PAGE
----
When purchasing a flat panel TV, there are a few things to keep in mind. Here, we've listed a number of considerations for you to evaluate.
High Definition Upgradeable or HDTV-Ready
If you see either of these terms used when deciding to purchase a flat screen TV, it means that the TV is capable of producing the highest resolutions possible for digital television today. "Upgradeable" means that you'll need to first add a separate HDTV receiver before you can view the pictures in high definition mode (1080i or 720p). But, even if you don't upgrade, the picture will still look fantastic. When watching regular DVDs or TV broadcasts, the picture will be almost as good as real HDTV because most have line-doublers to improve the picture.
16:9 Aspect Ratio
Unlike conventional televisions, new plasma, LCD and rear-projection televisions most likely have a wide, rectangular screen that is very similar to the shape of a movie screen. This is known as 16:9 aspect ratio-for every 16 inches wide, the screen is 9 inches high. Compared to conventional TVs, which are 4:3 in aspect ratio, the field of vision is wider for a new flat screen TV.
When watching DVDs at home on a 16:9 wide-screen television, you will be able to enjoy the full screen effect of the movie the way it was intended. On the other hand, when watching regular, standard definition television (like a news broadcast or talk show), you will need to either set the television to fill the screen entirely or watch with vertical black bars on either side of the picture.
Finally, remember that even though most television broadcasts are in 4:3 format, 16:9 widescreen format is the way of the future. Many events are shot in HDTV format (for example, the Olympics, special sporting events, nature documentaries, etc.) and as more and more people purchase high definition television, all broadcasts will be in high definition within the next few years.
Reverse 3:2 Pulldown
Television shows are usually shot on film at 24 frames per second. When transferred to video running at 30 frames per second, the picture quality is distorted in the translation. New televisions are able to correct those distortions through a series of reconversion techniques which reverse the distortions. The result is a smoother and cleaner picture.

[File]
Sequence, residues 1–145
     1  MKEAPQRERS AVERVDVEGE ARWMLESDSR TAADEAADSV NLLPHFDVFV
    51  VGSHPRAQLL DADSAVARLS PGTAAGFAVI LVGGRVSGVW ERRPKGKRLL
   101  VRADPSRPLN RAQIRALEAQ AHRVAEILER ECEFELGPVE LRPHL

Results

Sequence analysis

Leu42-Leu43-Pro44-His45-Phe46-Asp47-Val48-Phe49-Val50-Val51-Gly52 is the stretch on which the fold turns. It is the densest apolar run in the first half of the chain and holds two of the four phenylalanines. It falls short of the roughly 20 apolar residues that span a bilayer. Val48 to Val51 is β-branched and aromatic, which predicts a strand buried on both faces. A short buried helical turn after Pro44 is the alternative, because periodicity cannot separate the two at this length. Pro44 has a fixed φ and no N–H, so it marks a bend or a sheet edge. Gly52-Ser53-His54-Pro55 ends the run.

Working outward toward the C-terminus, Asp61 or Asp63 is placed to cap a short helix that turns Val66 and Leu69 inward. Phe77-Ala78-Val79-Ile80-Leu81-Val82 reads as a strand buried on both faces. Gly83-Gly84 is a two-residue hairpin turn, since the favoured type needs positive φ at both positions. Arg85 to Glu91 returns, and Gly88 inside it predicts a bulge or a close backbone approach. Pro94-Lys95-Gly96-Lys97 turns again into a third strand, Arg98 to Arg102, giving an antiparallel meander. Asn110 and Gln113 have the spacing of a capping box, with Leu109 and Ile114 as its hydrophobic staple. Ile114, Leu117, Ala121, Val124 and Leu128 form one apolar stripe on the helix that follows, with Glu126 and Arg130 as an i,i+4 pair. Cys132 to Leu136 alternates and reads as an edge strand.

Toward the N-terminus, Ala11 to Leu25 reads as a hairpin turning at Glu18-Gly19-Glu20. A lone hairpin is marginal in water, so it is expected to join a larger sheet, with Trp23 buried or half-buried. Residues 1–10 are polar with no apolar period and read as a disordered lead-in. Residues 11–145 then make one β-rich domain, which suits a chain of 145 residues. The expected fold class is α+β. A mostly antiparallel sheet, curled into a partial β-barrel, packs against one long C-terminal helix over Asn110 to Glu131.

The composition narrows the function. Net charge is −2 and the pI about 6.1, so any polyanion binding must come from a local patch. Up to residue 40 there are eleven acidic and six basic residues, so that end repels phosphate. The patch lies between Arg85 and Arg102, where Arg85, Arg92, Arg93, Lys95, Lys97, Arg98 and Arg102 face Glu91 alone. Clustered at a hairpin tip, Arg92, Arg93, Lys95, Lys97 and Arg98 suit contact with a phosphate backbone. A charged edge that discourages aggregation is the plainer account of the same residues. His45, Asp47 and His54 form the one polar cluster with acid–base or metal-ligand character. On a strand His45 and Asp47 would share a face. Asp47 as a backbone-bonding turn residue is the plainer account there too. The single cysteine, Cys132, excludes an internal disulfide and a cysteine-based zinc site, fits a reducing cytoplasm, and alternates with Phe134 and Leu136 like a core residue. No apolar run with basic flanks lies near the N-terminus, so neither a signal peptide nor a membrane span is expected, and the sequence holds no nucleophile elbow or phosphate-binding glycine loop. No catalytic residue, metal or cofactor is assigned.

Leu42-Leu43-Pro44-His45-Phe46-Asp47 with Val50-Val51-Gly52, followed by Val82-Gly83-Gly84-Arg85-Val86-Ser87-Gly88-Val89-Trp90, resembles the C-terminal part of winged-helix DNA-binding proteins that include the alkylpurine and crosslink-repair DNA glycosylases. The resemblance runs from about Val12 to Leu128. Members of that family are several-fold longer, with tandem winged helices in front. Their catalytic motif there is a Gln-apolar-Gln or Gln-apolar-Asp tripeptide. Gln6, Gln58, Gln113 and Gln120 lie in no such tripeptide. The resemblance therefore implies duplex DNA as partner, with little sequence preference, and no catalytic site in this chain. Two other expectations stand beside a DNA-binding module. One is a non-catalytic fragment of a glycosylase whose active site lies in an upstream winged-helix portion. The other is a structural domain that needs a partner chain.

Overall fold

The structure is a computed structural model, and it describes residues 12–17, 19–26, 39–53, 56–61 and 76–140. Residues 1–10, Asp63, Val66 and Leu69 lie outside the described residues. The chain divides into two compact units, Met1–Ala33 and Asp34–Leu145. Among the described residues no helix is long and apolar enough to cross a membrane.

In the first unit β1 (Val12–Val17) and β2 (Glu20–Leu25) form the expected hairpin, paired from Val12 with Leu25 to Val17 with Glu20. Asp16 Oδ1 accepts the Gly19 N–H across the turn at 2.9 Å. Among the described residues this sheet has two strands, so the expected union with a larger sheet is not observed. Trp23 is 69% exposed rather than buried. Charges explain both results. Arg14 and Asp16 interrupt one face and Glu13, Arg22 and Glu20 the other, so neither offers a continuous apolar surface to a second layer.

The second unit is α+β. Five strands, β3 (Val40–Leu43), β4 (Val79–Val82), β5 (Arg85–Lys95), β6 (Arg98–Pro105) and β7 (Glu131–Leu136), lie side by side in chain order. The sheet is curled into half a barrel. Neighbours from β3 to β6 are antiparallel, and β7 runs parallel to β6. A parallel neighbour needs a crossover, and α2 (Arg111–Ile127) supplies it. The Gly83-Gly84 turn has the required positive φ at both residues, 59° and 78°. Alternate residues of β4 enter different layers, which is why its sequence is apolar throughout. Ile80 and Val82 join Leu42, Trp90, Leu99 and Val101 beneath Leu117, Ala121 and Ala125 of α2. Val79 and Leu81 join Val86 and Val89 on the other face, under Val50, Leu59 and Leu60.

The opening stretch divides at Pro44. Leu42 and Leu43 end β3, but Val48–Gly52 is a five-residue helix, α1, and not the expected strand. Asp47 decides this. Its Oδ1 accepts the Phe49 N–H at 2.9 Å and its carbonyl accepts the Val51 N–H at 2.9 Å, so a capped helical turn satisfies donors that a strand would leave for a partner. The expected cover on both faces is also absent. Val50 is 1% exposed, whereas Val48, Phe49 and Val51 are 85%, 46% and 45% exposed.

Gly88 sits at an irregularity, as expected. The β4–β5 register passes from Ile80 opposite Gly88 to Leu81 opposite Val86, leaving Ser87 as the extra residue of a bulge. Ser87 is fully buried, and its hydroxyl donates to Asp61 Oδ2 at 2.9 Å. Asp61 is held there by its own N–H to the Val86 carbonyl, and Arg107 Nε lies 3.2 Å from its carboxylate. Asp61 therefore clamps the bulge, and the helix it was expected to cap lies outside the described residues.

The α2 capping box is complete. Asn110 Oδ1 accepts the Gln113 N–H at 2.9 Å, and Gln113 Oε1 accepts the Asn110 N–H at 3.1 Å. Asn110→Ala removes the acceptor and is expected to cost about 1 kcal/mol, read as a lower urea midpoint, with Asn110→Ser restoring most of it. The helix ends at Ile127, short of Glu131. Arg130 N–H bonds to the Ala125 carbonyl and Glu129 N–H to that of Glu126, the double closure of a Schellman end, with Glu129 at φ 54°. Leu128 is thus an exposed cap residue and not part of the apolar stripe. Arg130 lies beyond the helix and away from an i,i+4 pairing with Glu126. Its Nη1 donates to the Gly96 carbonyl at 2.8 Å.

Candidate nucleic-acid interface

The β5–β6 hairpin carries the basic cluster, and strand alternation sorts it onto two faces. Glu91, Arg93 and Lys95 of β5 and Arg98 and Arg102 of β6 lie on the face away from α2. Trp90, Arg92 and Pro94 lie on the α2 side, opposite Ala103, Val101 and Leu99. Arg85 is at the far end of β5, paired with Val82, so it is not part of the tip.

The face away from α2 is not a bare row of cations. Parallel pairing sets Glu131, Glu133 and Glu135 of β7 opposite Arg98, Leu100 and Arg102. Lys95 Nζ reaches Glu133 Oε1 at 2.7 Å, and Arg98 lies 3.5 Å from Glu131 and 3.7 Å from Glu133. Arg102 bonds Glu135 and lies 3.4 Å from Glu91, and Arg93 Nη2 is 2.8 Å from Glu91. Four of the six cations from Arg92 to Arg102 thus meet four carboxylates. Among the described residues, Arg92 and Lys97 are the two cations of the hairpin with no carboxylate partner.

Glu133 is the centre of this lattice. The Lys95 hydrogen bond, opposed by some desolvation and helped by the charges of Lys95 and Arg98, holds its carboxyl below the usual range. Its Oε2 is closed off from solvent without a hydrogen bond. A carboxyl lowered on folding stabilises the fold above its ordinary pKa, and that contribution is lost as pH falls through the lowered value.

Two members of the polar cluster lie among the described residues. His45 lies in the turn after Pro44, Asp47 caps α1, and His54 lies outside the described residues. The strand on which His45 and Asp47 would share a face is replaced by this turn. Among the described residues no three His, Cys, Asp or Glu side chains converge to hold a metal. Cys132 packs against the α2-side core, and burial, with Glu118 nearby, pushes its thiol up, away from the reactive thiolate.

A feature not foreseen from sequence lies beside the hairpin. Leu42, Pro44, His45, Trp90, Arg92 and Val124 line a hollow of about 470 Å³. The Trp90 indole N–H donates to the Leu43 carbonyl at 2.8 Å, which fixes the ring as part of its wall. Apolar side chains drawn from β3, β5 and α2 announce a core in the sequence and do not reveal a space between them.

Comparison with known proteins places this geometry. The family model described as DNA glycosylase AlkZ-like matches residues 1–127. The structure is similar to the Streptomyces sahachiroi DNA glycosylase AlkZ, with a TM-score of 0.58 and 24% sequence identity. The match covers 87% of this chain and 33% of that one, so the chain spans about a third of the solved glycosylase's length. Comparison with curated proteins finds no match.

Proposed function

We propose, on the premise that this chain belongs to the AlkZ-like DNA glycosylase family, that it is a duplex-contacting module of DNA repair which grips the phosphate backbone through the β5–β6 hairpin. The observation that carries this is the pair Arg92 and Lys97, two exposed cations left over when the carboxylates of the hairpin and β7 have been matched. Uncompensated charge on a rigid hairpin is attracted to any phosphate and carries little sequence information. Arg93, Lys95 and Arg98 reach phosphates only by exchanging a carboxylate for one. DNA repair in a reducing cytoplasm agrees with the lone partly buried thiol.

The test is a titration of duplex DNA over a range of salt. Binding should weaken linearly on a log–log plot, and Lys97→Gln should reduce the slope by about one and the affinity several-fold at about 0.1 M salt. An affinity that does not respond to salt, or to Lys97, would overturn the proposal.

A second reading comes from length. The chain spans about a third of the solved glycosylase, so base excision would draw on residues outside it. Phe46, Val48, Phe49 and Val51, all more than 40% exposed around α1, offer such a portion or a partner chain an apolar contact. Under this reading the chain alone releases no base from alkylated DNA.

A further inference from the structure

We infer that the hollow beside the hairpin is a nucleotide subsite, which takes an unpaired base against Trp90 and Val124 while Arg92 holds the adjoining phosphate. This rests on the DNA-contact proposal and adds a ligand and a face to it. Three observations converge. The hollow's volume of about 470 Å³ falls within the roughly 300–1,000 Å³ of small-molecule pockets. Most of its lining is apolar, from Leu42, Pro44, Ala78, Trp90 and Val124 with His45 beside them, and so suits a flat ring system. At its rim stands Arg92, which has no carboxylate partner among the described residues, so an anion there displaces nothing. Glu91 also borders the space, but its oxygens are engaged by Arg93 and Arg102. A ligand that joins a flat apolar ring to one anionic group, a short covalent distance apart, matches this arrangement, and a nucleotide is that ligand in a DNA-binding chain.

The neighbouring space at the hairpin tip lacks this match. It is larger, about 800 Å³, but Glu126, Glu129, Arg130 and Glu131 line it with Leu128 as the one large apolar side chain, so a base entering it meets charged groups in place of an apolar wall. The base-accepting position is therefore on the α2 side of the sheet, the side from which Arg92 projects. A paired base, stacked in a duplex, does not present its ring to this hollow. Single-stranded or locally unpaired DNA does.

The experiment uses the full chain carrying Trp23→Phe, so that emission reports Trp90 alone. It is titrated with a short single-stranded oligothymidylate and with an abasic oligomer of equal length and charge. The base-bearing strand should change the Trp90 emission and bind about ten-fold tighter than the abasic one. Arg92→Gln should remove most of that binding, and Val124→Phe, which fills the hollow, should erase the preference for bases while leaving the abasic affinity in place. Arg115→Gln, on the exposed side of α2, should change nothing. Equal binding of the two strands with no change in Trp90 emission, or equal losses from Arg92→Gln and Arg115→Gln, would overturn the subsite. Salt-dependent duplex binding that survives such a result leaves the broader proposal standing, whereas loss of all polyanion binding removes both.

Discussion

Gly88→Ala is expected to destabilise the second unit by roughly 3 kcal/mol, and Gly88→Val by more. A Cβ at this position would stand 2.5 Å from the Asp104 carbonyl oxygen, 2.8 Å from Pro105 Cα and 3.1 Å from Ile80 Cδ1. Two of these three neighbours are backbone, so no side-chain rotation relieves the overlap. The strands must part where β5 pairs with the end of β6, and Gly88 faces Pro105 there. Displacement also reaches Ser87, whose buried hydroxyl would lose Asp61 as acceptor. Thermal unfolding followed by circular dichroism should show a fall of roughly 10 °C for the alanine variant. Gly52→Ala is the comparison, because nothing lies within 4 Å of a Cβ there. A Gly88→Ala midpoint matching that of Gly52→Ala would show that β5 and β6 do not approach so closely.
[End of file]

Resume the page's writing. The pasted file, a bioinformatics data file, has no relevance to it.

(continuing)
When looking to buy a new plasma, LCD or rear-projection television, look for this feature.
3D Y/C Digital Comb Filter
The 3D Y/C digital comb filter's job is to take the cable signal coming from the wall and separate the color, sound, brightness information into useable information. New plasma, LCD and rear-projection televisions have digital 3D Y/C comb filters that do a pretty good job of this so as to avoid what is know as "dot crawl" where the edges of objects appear rough. In addition, a good digital comb filter will also counter the effects of moir?, where still objects appear to move and ripple.
Most high end plasma, LCD and rear-projection televisions also have component inputs from video sources (such as a DVD player) that separate the signal before reaching the TV and bypass the digital comb filter. This results in an even clearer and brighter picture.
Picture-in-Picture (or PIP) allows you to watch two shows at once, with the second show in a box in a part of the screen. PIP is fairly common these days to all sorts of televisions. However, consider getting a dual tuner PIP plasma, LCD or projection television since that allows you to watch the second channel without needing an external tuner (for example, from a vcr). In addition, there are also TVs that will show different channels side by side-these are called twin view PIP TVs.
"Inputs" refer to how related audio/visual components connect to your plasma, LCD or rear-projection television. The highest video quality input is known as "component video". With component video inputs, the color and brightness information from the cable is separated into useable data before entering the television. The next best input is S-video input which give a picture almost as good as component video-whereas component video separates brightness, blue signal and red signal from each other, S-video just separates brightness from blue and red signals.
All new plasma, LCD and rear-projection televisions will also have inputs for various multimedia devices such as DVD players. In addition, some will allow you to connect a computer.
© 2006Philip Liu - All Rights Reserved Worldwide
Philip Liu is a freelance author and publisher currently based in New York City. Philip publishes regularly on his websites dealing with cell phone reviews and news and plasma, LCD TV reviews and news.